An employer likes to know what will happen to the business if labor law is unintentionally violated. The consequences can range from creating a disgruntled employee to unionization. In the scenario described above, word got out that the company President called the two people discussing wages “troublemakers” and the supervisor discussed potential termination in a formal private disciplinary meeting.
When the decision was made to terminate the employees, the supervisor did the actual terminating, telling the employees they were being let go for discussing wages. The consequence was that employees decided to file an official NLRB complaint, and the NLRB decided the NLRA section 8(a) was violated.
Explain The Cost Of Mistakes In Dollars And Cents
What is the cost of employer mistakes like this? You can only stay in business if you are profitable. Every NLRB case is costly, and labor consultants should clearly convey that message. The company will need to pay for labor attorney services; staff time will be redirected to dealing with the situation rather than doing productive work, and the NLRB will require “remedy.”
In the case example presented, the employer not only had the fees associated with paying the attorney and incurred the cost of lost productivity; the employer also had to pay the employees for:
- Losses of earnings and benefits.
- Search-for-work and interim employment expenses.
- Adverse tax consequences due to receiving lump sum back pay.
This is just the expenses associated with one particular case. The expenses associated with unionization, should employees decide to organize, will skyrocket. There are also indirect costs to unionization, like the loss of flexibility in employer decision-making. That explanation hits home with company leaders who don’t want anyone telling them how to run their company.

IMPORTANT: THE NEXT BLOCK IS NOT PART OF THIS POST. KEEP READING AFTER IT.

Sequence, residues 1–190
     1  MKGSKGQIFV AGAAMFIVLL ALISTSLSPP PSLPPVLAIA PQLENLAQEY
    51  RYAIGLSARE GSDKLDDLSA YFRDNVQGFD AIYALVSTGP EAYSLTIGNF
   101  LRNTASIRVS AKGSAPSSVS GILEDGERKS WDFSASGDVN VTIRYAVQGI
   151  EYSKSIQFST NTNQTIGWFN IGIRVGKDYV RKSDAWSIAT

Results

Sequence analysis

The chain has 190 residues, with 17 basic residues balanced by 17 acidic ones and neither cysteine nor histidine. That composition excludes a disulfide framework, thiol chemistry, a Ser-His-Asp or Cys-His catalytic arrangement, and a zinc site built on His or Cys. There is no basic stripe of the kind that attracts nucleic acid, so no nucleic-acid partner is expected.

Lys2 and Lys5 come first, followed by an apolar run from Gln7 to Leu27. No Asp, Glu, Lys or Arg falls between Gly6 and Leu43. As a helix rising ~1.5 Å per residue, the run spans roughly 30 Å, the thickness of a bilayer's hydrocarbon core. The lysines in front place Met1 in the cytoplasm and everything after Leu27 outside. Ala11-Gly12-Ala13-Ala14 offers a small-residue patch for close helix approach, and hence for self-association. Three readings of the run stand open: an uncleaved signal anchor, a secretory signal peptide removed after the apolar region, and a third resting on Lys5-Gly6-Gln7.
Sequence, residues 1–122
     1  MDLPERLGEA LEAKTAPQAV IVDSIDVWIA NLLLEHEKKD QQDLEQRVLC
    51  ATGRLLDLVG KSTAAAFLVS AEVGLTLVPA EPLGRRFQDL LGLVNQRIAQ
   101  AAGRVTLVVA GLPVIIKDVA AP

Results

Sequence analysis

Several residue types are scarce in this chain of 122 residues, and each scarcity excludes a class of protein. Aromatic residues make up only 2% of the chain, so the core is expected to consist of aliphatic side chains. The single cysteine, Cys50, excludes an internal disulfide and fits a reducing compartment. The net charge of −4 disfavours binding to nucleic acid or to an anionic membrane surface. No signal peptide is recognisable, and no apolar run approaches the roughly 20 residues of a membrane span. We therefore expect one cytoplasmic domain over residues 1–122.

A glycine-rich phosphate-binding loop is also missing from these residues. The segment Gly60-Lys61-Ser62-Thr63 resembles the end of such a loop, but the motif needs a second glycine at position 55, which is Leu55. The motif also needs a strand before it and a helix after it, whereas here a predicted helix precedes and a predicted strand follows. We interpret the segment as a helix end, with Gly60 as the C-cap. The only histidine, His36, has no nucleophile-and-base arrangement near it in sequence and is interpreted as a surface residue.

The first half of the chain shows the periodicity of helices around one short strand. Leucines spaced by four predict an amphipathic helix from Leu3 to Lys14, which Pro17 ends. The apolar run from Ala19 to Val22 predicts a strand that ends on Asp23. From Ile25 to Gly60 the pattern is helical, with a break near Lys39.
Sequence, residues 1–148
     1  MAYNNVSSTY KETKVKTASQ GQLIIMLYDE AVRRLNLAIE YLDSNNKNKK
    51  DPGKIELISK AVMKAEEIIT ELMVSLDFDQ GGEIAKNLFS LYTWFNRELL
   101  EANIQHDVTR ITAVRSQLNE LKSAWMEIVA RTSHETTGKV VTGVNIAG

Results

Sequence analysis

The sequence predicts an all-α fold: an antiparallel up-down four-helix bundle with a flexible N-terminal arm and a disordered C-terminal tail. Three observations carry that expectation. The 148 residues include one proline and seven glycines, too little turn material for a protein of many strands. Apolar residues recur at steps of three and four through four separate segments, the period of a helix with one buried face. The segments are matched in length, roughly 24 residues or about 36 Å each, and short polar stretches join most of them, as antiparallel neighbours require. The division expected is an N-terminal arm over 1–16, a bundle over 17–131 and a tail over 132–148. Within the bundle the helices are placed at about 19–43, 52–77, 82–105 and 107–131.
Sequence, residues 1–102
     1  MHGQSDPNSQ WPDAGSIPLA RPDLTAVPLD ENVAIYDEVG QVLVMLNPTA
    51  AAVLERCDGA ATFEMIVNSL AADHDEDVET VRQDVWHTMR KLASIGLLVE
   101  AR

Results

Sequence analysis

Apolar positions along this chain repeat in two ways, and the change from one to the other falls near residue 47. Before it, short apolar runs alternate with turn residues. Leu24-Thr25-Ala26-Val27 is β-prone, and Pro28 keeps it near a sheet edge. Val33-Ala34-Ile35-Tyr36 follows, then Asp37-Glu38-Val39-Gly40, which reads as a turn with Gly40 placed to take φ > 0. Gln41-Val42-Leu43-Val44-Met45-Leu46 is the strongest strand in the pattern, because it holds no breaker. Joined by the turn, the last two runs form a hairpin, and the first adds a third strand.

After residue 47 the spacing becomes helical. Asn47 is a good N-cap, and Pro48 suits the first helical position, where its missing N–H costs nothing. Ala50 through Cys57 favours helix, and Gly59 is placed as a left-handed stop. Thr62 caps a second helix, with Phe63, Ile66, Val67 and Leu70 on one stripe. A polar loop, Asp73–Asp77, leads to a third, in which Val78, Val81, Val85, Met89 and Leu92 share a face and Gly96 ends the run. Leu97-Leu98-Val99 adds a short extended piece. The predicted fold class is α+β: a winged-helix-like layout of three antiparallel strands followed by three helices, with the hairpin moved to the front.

Talk About Employee Engagement
The NLRB remedy had another cost that an employer may not consider. The NLRB ordered the company to either offer the terminated employees full reinstatement to their jobs or offer them equivalent positions without impacting their seniority. Of course, the employer also had to distribute notices to all employees and post notices on bulletin boards that explain how the employer violated federal labor law.
Right at the top of the notice is the statement, “Federal law gives you the right to form, join, or assist a union…” followed by a laundry list of the various ways the company violated the law and the remedy. The employer is forced to tell employees that they have the right to consider a union, even if unionizing had never come up before.
Employee engagement is all about the organization’s culture and the employee-employer relationship. The labor consultant should clearly explain the damage these situations do to workplace culture and the challenge of restoring trust in the workforce. If the two fired employees returned to work, there is no doubt that they would discuss how badly they were treated by management with their coworkers. To their victory, they would do so knowing that their supervisor can’t stop them.
It’s quite likely that they would also discuss the possibility of joining a union, setting the stage for a future union organizing campaign.
Offer Solutions Rather Than Just Discussing Labor Law
These tips offer ways labor consultants can discuss labor law without all the “legalese.” There are a lot of misconceptions that persist among employers. Many believe the NLRA mostly concerns large corporations or unionized workforces. It’s important for labor consultants to offer practical information that is directly related to the employer. They need to avoid talking like an attorney presenting a case to a judge in court. In fact, this holds true for labor attorneys, too.
Senior leaders, managers, supervisors, and Human Resources should be trained in effective and legal communication. They should be aware of the impact of violating the NLRA and in-house “remedies” that will hopefully solve any issues before it ends up as an NLRB case.
Employers appreciate straight talk!
A good place to start is with a review of the employee handbook. No doubt there will be overly broad restrictions in it. Using an existing policy as a starting point for discussion directly connects the employer’s interests and labor law. Just be prepared for down-to-earth questions like, “Why can’t I tell employees to stop using their cell phones during work hours?”